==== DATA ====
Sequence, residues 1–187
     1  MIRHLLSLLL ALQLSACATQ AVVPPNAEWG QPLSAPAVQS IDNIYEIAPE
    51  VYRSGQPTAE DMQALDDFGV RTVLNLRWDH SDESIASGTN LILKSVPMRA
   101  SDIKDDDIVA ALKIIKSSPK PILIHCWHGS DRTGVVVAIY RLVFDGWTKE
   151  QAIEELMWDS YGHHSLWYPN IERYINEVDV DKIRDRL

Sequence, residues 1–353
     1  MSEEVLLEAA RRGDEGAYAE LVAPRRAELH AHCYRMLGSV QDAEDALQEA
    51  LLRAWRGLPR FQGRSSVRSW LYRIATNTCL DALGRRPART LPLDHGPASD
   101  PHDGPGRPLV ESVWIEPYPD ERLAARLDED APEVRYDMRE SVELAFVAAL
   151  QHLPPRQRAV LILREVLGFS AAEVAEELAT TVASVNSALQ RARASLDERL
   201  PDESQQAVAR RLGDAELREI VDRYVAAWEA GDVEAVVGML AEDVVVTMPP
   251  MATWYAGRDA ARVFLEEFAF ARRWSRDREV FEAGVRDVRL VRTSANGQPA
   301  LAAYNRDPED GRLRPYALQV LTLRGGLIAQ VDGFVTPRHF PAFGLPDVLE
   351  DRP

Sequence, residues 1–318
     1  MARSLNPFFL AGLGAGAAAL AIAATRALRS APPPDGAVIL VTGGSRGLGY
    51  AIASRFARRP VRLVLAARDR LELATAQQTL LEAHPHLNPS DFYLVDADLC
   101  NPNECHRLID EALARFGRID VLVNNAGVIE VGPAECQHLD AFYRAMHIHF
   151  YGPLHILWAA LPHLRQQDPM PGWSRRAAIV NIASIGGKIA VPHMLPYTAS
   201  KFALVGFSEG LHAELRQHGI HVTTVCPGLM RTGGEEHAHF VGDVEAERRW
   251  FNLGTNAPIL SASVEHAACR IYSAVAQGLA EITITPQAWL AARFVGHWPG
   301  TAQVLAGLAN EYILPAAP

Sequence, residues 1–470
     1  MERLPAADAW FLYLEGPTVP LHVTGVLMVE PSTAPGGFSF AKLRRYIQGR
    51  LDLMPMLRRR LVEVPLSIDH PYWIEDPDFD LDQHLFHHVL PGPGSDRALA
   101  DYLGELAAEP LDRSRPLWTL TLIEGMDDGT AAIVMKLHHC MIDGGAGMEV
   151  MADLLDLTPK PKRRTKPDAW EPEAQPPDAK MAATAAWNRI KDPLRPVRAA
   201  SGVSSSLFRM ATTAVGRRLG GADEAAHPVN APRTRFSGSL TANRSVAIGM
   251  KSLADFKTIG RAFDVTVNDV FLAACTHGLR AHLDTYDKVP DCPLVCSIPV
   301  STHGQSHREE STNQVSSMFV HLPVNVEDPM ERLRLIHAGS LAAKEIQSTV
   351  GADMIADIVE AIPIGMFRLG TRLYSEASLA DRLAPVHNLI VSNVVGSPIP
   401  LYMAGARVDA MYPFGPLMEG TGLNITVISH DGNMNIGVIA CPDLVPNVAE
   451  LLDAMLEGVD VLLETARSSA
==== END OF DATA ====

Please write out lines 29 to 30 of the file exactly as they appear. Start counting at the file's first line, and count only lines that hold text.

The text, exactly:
   251  KSLADFKTIG RAFDVTVNDV FLAACTHGLR AHLDTYDKVP DCPLVCSIPV
   301  STHGQSHREE STNQVSSMFV HLPVNVEDPM ERLRLIHAGS LAAKEIQSTV